Map Source: Bethany World Prayer Center
|People Name:||Baggara, Shuwa Arab|
|Primary Language:||Arabic, Chadian Spoken|
|Christian Adherents:||0.02 %|
|Online Audio NT:||No|
|People Cluster:||Arab, Shuwa|
|Affinity Bloc:||Arab World|
The Shuwa Arab name, "Baggara" comes from the Arabic word bagar meaning cow - an appropriate name because these semi-nomadic, agricultural people of Cameroon depend on cattle for their food and economy. The Baggara of Cameroon live in the "hinge" between West and Central Africa on the northern savanna near Fort-Foureau. This area straddles the borders of Chad and Nigeria and the Baggara frequently cross into these countries to visit or live with kin. Historically, they migrated all through the north central areas of Africa as raiders and cattle and slave traders.
Cameroon's ethnic diversity and many languages and dialects are legacies left by the long line of nomadic peoples who have passed through the country. Because so many of Cameroon's tribes live a semi-nomadic lifestyle, the Cameroon government has met with little success in its quest for national unity.
The Baggara generally move their herds two times a year. During the dry season (October to April), the herds are moved south to the river lands. When the rains come, the herds are moved north to the grasslands.
Baggara towns are composed of small compounds grouped according to male family and tribal lines. Baggara men frequently have one wife who may live in the nomadic camp and another who lives in the village or town. Baggara women build the mud brick and thatched roof houses plus any other structures connected with the house. Men build the sun shelters they use for eating and entertaining while tending cattle.
The roles of men and women are strictly separated. Women are responsible for all of the household work and are the primary caretakers of the children. They also milk the cows, which not only provides the family with dairy products, but by selling the products women earn extra income-which they control.
Men manage and market the cattle; they also plant and harvest crops of millet, yams, plantains, and cassava melons. Young boys herd calves and small stock. All children attend school, although girls usually withdraw after about six years.
Baggara dress symbolizes a person's importance. Most men wear a large cotton garment called a boubou. Prominent men wear either white or blue turbans, with the size of the turban indicating the importance of the man. Men usually strap a dagger to their upper arms; they also wear small, rectangular leather cases around their necks or strapped to their belts and arms. These cases contain verses from the holy Koran.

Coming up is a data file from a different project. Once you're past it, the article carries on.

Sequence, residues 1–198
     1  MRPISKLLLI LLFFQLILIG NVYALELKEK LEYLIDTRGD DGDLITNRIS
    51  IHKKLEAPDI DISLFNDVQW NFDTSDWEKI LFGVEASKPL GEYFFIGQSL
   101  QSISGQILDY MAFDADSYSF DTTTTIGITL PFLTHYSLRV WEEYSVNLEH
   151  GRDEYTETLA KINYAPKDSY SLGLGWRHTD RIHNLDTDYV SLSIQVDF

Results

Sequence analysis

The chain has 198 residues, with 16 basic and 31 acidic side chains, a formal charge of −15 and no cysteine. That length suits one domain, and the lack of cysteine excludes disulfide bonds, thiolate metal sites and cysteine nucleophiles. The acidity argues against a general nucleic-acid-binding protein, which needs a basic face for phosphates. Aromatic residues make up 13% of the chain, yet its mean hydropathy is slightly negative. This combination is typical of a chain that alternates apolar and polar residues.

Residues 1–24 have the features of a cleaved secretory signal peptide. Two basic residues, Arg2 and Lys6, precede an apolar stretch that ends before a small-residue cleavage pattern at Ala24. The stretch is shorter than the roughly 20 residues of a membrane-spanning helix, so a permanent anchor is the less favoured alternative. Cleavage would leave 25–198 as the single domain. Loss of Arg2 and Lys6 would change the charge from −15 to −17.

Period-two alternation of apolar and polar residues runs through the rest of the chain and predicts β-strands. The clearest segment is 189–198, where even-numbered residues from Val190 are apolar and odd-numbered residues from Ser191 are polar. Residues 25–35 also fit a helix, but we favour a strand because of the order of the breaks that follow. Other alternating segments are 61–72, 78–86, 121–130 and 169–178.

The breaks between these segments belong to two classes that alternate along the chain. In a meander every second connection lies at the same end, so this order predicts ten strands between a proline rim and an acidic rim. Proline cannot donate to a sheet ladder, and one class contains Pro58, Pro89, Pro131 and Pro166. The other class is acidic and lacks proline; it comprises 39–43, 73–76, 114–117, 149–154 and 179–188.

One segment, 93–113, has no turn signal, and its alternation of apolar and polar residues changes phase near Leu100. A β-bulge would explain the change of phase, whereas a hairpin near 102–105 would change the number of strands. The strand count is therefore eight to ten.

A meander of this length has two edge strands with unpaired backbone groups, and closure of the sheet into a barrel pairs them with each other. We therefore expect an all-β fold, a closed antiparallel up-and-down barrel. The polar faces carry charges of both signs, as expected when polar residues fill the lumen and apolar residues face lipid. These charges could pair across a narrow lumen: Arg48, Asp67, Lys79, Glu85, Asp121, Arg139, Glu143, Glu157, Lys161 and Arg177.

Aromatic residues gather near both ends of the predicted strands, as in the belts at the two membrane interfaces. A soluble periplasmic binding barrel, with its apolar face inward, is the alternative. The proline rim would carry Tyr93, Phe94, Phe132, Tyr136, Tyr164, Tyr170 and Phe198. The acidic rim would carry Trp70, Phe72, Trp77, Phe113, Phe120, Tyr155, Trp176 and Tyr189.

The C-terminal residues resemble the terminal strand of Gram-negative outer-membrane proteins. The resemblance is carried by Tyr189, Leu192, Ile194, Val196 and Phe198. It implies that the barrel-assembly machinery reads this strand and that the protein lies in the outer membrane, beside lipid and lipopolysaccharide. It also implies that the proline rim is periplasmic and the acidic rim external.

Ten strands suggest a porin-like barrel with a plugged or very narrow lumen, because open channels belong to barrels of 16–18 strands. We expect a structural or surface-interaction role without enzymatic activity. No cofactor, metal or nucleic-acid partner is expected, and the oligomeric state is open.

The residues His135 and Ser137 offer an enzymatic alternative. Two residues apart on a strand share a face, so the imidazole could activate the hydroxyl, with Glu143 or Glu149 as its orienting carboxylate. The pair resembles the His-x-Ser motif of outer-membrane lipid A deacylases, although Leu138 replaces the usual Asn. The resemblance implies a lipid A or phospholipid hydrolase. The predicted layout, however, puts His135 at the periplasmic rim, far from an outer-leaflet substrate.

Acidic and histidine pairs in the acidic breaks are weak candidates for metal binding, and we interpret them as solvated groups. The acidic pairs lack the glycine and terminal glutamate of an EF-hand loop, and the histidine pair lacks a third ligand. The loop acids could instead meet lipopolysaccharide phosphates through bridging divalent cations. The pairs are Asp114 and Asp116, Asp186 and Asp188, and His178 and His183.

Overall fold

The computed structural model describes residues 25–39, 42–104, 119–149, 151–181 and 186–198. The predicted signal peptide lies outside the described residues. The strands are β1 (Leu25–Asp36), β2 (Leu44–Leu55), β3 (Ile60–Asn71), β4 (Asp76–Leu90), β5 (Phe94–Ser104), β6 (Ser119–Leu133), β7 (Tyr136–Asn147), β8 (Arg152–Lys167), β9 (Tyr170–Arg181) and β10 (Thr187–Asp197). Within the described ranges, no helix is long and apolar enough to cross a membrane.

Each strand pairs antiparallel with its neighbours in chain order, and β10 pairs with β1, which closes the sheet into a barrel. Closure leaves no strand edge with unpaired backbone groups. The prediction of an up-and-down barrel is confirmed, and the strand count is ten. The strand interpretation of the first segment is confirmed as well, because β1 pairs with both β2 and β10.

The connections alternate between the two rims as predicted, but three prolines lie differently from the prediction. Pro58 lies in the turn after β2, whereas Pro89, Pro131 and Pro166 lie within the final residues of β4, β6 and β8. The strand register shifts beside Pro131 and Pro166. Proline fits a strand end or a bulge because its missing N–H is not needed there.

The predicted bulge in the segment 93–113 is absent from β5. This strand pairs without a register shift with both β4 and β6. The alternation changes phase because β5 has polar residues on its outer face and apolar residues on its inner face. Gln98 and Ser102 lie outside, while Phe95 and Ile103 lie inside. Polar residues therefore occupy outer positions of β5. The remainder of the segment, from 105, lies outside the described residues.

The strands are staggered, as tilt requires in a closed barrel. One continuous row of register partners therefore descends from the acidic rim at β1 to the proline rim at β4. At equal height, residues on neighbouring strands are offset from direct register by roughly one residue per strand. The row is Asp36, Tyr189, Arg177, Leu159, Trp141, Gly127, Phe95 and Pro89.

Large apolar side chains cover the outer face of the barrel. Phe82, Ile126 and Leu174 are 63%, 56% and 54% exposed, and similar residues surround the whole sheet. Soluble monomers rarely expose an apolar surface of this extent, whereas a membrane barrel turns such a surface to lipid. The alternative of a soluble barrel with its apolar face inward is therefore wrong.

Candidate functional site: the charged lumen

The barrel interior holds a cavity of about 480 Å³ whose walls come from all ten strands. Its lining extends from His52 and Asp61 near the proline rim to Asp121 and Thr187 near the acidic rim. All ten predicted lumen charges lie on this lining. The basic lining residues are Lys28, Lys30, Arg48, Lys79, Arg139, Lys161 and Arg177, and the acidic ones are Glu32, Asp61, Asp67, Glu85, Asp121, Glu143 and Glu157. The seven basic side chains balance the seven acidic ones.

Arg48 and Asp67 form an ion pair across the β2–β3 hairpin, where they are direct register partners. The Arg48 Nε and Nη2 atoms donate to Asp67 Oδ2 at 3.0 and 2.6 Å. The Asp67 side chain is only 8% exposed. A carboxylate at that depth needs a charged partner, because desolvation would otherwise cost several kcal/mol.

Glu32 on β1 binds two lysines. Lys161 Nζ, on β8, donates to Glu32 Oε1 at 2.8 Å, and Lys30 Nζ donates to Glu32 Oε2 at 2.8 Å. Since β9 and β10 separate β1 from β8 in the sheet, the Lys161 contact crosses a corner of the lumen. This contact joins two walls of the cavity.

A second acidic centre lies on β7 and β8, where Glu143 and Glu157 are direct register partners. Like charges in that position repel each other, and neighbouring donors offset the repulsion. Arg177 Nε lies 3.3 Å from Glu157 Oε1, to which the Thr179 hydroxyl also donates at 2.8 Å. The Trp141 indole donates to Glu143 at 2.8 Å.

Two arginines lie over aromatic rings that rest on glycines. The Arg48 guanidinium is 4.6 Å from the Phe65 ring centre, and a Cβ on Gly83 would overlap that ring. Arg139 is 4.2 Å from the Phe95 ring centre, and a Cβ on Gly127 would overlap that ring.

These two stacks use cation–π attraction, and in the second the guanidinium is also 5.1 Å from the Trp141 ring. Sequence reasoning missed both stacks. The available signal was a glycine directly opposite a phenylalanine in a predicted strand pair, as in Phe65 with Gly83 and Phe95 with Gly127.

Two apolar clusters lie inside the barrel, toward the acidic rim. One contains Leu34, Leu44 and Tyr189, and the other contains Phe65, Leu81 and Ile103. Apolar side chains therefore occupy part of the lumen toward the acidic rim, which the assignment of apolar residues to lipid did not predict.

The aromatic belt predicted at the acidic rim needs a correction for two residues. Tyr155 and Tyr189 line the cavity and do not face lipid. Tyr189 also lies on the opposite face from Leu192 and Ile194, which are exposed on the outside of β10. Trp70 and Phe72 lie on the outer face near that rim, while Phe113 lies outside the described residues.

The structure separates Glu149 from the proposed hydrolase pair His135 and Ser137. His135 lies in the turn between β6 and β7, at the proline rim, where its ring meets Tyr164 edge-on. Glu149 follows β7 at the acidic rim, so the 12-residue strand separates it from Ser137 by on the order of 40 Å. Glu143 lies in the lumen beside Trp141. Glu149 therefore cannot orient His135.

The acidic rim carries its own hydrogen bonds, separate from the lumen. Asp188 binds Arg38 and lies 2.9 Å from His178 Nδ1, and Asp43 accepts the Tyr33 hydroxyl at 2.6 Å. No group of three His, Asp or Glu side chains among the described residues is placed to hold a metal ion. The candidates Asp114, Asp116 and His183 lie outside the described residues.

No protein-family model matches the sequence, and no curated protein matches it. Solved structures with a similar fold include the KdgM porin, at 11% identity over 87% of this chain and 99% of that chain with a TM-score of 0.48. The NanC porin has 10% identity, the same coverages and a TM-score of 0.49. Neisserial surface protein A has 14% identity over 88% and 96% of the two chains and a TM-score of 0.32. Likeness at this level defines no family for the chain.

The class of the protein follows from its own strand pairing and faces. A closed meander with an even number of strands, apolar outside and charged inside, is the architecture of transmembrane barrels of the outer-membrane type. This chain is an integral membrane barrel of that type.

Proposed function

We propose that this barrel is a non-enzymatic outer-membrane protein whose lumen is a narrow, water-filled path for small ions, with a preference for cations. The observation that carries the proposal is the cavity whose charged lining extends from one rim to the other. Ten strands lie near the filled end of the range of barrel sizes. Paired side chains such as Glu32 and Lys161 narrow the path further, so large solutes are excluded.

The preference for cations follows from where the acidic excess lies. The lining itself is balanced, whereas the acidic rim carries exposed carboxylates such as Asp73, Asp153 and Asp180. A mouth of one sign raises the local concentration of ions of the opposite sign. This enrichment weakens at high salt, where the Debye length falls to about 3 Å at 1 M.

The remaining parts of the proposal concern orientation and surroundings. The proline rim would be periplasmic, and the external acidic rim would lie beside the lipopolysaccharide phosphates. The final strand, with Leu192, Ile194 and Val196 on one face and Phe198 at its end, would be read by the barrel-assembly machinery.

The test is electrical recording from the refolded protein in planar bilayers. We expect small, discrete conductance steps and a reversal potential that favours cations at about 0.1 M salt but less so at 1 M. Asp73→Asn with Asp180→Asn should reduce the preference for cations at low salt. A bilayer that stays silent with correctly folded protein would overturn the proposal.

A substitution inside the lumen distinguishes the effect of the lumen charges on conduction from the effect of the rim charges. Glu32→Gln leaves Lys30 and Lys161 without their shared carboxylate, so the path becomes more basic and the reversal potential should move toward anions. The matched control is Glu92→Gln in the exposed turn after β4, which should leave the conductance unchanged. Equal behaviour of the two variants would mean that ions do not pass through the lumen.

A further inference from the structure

Married women wear veils covering their shoulders and upper bodies, plus head kerchiefs wrapped like turbans. The women wear numerous anklets, bracelets, and necklaces as well as a series of earrings outlining the entire earlobe.
The Baggara of Cameroon are passive Sunni Muslims who observe the "five pillars of faith" (declare the faith of Islam, say daily prayers, give alms, fast, and make the pilgrimage to Mecca).
Almost any occasion-the arrival of a visitor, unexpected good fortune, or someone returning from a trip-is an excuse for a communal feast. Betrothal, marriage, and moving the newlyweds to their new residence calls for a major celebration. It also offers the young people an opportunity for courting. The death of a close relative requires a forty day mourning period, which is followed by a feast.
Christianity is considered the major religion in Cameroon and the second largest religion is Islam. However, the Baggara of Cameroon are Muslims, and there are no known Baggara Christians at this time. The New Testament, the Jesus film, and Christian radio broadcasts are all available in the Badawi language.
Ask the Holy Spirit to soften the hearts of the Baggara towards Christians so that they will be receptive to the Gospel.
Pray for the effectiveness of the Jesus film among Baggara.
Ask the Holy Spirit to anoint the Gospel as it goes forth via radio to the Baggara.
Pray that God will raise up prayer teams who will begin breaking up the soil through worship and intercession.
Ask the Lord to bring forth a growing Baggara church for the glory of His name!